paragone ('comparison')

In an art historical context paragone refers to debates concerning the respective worthiness of painting and sculpture. The first protracted discussion was compiled from passages scattered through the notebooks of Leonardo da Vinci. It is one of the topics dealt with in Castiglione's The courtier, and in 1546 Benedetto Varchi even sent a questionnaire on the subject to sculptors (including Michelangelo and Cellini) and painters (including Pontormo and Vasari). Apart from demonstrating an aspect of the interest taken in the arts, it acted as a stimulus to the development of the language and concepts through which art could be appraised and understood, as did the parallel discussion of the respective merits of painting and poetry.


Writing material made from the skins of sheep or calf, less frequently pig, goat,, and other animals; it has also been used for painting, and occasionally for printing and bookbinding. Pliny says that it ewas invented in the 2nd century BC in Pergamum; hence the name parchment from the Latin pergamena (of Pergamum). Skin had been used as a writng material before this, but the refined methods of cleaning and stretching involved in making parchment enabled booth sides of a leaf to be used, leading eventually to the supplanting of the manuscript roll by the bound book. Vellum is a fine kind of parchment made from delicate skins of young (sometimes stillborn) animals. Paper began to replace parchment from about the 14th century, but parchment is still used for certain kinds of documents, and the name is often applied to high-quality writng paper.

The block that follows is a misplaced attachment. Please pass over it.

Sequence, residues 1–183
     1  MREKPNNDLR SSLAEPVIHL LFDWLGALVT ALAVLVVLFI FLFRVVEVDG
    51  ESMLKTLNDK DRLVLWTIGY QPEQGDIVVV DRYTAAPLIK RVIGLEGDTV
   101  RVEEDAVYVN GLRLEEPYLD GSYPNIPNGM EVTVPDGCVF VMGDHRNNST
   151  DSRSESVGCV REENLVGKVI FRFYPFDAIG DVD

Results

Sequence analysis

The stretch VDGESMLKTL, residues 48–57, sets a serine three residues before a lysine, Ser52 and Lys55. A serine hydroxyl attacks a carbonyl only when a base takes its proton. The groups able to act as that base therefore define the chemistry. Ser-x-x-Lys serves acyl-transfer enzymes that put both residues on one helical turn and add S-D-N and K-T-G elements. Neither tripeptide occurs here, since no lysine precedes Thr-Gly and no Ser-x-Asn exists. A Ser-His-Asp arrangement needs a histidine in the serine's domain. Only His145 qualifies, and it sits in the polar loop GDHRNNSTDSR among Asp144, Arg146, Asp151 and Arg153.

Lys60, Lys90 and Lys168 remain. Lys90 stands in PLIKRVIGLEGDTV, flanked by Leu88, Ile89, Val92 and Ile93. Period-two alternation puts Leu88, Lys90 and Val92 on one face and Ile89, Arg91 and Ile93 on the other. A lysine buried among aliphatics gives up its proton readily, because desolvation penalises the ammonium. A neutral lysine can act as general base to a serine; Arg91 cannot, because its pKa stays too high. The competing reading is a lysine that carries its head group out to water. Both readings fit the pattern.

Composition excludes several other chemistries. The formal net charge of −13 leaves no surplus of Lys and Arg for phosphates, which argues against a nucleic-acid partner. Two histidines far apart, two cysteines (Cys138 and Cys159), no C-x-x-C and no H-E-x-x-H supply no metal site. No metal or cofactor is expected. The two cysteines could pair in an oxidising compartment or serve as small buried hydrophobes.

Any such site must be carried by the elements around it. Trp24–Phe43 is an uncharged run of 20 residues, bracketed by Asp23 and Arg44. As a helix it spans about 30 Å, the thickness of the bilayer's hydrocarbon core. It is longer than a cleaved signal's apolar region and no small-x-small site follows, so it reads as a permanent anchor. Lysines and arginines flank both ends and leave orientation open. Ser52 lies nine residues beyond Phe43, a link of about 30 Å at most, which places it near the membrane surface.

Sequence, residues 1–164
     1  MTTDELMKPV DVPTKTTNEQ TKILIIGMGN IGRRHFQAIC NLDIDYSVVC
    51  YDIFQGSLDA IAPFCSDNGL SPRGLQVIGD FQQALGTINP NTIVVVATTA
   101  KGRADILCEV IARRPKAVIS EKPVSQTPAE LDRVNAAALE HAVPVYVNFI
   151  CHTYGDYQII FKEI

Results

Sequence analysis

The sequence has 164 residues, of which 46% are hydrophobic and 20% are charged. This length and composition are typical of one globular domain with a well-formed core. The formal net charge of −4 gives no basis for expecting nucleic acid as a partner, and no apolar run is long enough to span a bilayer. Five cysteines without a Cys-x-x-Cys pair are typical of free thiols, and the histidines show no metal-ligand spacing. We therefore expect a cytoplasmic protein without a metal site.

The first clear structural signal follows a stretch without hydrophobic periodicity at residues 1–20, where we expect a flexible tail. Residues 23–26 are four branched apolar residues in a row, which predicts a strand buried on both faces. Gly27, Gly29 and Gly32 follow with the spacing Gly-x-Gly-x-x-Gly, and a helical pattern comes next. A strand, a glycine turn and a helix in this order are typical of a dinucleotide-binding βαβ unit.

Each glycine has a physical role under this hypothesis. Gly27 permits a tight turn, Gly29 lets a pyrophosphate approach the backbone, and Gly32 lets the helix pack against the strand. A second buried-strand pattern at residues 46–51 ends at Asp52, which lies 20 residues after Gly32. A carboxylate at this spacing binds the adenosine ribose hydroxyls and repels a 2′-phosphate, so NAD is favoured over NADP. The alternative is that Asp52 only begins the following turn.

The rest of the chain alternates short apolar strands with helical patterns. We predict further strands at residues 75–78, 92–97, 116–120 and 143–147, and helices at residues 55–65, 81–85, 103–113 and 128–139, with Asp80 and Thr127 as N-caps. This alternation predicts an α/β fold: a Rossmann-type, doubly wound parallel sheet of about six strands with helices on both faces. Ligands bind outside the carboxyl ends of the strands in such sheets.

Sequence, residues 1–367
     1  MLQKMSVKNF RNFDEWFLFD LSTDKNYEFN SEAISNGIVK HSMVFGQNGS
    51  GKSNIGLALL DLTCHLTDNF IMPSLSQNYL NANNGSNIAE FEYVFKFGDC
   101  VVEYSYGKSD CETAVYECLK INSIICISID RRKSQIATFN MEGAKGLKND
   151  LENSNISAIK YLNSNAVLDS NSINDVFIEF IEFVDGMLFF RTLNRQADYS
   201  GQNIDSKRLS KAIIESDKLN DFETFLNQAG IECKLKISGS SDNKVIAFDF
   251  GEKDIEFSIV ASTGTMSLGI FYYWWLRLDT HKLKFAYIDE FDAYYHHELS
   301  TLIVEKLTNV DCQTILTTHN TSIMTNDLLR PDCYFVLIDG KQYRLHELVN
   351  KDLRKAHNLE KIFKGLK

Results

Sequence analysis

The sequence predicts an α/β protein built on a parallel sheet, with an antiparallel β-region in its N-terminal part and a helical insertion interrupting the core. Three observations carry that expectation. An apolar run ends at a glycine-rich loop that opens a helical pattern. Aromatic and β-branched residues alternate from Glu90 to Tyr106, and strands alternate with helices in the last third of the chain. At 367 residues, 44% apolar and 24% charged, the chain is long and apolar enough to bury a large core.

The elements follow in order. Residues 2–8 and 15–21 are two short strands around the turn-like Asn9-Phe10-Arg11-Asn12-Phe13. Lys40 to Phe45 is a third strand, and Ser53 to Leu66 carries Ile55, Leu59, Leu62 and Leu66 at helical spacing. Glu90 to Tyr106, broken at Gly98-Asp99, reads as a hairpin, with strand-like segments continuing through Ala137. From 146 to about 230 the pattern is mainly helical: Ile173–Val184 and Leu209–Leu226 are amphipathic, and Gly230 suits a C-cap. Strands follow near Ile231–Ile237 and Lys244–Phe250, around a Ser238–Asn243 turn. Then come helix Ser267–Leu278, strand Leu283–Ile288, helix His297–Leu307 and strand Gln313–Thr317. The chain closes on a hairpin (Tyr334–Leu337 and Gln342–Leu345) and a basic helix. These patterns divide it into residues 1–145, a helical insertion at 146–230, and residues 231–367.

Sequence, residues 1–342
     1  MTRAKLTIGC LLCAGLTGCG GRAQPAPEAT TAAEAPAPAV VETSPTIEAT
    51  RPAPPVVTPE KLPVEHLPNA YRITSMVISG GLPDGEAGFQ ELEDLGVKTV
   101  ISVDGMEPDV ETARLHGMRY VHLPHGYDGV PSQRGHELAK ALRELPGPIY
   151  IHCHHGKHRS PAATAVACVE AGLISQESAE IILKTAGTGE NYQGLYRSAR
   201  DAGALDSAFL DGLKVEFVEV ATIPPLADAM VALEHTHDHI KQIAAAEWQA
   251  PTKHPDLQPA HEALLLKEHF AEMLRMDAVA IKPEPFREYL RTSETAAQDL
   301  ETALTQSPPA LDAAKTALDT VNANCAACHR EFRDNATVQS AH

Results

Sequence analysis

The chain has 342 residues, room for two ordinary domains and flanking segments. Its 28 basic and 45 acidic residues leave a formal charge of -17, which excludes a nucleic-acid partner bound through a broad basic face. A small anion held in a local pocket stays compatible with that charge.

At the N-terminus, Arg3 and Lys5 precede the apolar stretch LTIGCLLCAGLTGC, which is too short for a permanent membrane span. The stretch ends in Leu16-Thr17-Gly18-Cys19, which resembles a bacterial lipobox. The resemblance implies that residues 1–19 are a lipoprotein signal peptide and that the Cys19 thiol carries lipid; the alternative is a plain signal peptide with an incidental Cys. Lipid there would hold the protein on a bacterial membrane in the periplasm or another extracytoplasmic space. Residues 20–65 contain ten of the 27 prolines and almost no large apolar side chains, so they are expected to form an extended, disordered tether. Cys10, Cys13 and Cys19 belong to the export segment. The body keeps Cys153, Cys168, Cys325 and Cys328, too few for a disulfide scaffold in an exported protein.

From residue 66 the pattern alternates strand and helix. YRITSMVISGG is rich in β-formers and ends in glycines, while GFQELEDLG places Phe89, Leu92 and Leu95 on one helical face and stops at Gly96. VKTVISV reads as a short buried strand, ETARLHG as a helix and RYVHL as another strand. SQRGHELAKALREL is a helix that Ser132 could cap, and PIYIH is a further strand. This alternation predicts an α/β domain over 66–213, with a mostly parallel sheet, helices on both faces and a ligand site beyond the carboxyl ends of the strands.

Parrhasius (c. 420 BC)

Greek painter of the late classical period (c. 400-300 BC), and with Zeuxis (c. 425 BC) and Apelles (c. 330 BC) one of the most famous artists of the classical age.

pastoral (Lat. pastor, "shepherd")

Relating to a romantic or idealized image of rural life; in classical literature, to a world peopled by shepherds, nymphs, and satyrs.


The events leading up to Good Friday, beginning with Christ's arrest and ending with his burial. Portrayals of the Passion, which focus on the Suffering Christ, include depictions of Judas betraying Christ with a kiss, Peter cutting off Malchus's ear, the crown of thorns, and so on.


A drawing medium of dried paste made of ground pigments and a water-based binder that is manufactured in crayon form.

pastiche (fr.) or pasticcio (It.)

A work of art using a borrowed style and usually made up of borrowed elements, but not necessarily a direct copy. A pastiche often verges on conscious or unconscious caricature, through its exaggeration of what seems most typical in the original model.

patrician (Lat. patricius, "father")

originally a member of the ancient Roman nobility; from the Middle Ages onwards a term for a noble, wealthy citizen.

pavilion (Lat. papilio, "butterfly, hence tent")

A lightly constructed, ornamental building, such as a garden summerhouse; a small, ornamental structure built onto a palace or cháteau; a prominent section of a monumental façade, projecting either centrally or at both ends.

Pazzi conspiracy